Health Care LLC specializes in selling hospital, medical, scientific, laboratory equipment, devices and instruments to hospital and medical colleges. The company handles both written and telephone orders, using the following procedures.
One of several company-employed field sales representatives records customer orders on a three-part form (Form A). The original is left with the customer, the duplicate is mailed to central headquarters each day in a special color-coded envelope, and the triplicate is retained in the sales representative’s order pad. When the written orders arrive at headquarters, they go directly to the secretary of the order entry department. The secretary initially receives all telephone orders and inquiries as well.
The secretary routes inquiries to the customer service representatives and directs both written and telephone orders to one of three order entry clerks. Telephone orders are transcribed onto Form B and then read back to the customer for confirmation. Because both written and telephone orders are now in written form, further processing of Forms A and B is identical.
All customer orders are entered through video display terminal VDT located in order entry. They undergo a series of programmed edits as part of the data entry process. One of the edits is to validate the customer’s name(s), address(es), freight and credit terms, and credit rating by referencing the customer master file (Note: all computer files are kept on disk). The inventory master file is accessed to check inventory availability.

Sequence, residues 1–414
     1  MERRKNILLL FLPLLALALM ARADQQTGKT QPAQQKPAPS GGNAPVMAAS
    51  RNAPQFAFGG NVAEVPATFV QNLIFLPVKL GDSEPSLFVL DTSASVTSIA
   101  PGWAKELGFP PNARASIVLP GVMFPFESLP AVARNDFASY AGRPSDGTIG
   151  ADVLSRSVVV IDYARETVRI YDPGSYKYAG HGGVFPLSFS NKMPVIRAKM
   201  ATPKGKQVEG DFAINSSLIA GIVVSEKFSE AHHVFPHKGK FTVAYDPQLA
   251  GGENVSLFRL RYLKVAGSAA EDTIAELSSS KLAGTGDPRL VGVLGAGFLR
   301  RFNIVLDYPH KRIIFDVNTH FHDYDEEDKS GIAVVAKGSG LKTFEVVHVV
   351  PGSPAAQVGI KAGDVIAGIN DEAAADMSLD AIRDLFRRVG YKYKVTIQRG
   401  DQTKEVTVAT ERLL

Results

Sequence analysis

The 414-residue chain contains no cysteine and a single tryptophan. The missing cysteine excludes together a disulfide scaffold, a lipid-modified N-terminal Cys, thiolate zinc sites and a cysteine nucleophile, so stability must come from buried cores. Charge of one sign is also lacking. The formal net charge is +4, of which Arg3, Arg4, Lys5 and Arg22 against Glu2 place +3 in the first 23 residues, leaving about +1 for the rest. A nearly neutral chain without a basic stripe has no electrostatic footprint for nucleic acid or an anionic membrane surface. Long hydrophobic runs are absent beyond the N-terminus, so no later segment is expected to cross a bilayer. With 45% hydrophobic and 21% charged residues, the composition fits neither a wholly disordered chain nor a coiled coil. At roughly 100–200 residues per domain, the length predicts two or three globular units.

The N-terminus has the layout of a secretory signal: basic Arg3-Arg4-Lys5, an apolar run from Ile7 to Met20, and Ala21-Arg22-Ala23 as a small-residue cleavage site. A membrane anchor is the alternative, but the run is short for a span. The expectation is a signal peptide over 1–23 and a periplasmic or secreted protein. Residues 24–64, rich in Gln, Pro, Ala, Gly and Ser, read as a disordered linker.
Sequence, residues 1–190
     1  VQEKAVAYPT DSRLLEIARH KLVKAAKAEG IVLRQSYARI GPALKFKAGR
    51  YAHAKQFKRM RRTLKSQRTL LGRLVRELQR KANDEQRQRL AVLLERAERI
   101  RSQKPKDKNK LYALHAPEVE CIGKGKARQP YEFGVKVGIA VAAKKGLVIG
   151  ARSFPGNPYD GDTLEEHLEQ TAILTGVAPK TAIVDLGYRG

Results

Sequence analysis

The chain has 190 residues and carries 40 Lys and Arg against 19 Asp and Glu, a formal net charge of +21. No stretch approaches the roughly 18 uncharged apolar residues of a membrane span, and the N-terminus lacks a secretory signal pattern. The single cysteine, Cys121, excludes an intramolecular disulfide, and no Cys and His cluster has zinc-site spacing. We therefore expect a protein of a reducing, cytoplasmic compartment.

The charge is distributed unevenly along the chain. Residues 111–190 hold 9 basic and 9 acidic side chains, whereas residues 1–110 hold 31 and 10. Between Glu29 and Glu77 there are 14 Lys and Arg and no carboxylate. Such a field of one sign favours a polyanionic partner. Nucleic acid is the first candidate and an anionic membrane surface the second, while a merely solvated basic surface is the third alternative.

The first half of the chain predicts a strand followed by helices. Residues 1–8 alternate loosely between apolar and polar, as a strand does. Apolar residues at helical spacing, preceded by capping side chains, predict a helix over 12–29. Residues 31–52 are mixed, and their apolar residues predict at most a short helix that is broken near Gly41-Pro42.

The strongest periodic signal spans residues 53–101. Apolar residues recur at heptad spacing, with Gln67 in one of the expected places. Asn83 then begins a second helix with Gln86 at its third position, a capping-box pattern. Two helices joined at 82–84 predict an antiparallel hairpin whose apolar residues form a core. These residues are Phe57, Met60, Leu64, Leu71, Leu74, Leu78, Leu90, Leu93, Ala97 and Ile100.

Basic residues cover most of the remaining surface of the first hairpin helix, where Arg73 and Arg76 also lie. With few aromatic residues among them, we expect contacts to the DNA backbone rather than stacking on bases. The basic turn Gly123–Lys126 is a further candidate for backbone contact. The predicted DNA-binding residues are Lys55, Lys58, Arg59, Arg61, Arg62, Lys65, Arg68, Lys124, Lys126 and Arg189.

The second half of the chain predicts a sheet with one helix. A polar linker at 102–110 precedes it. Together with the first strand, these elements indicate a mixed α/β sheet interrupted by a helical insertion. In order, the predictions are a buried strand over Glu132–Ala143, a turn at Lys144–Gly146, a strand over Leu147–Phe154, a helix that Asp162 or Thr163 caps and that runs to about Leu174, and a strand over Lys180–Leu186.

Orders that pass all these tests are then recorded on the sales order master file; the inventory balance is reduced, and a screen message informs the clerk of the updates. The clerk files the accepted customer orders by customer number. Orders that fail any of the edits or validations are recorded in a computer “suspense” file for later investigation.
Each evening, data processing prints five-part sales orders (Form C) from the data stored on the sales order master file. Order entry receives two copies of the sales order; it files copy 2 in the accepted order file and mails the original (copy 1) to the customer. Copies 3 and 4 are sent to the warehouse, and copy 5 is sent to accounts receivable. Using copy 3, warehouse workers pick the goods. They file copy 3 and deliver the goods and copy 4 to the shipping department.
A shipping clerk checks the assembled order against sales order copy 4, prepares a three-part shipping notice (Form D), and records the shipment in a shipping log. The shipping notice original, signed by the carrier, serves as the bill of lading; sales order copy 4 is used as the packing slip. The bill of lading and packing slip accompany the goods to the customer. The duplicate of the shipping notice is sent to accounts receivable; the triplicate is sent to order entry, where it is filed in the accepted order file.
1- Draw a context diagram . (indiviual chart – different forms )
2- Draw a detailed data flow diagram.
3-Draw a flow chart .